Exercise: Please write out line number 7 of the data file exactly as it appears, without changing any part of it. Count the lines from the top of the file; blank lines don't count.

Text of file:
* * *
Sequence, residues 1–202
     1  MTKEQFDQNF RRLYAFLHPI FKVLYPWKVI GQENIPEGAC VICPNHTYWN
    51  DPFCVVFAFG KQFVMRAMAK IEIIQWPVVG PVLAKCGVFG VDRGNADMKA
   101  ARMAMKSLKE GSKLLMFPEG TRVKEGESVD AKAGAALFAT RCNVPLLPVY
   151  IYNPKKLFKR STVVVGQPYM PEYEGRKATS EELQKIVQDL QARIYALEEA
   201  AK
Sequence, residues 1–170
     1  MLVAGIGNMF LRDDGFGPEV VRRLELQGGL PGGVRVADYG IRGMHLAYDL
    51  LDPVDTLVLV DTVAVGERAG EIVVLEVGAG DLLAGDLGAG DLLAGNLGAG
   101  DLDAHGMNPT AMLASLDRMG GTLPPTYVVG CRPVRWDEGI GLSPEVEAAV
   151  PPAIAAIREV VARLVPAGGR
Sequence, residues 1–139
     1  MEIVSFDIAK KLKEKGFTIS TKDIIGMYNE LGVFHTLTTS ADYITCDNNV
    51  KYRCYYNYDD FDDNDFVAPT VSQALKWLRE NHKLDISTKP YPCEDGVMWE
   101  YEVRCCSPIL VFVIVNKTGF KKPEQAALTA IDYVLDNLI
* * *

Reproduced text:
Sequence, residues 1–170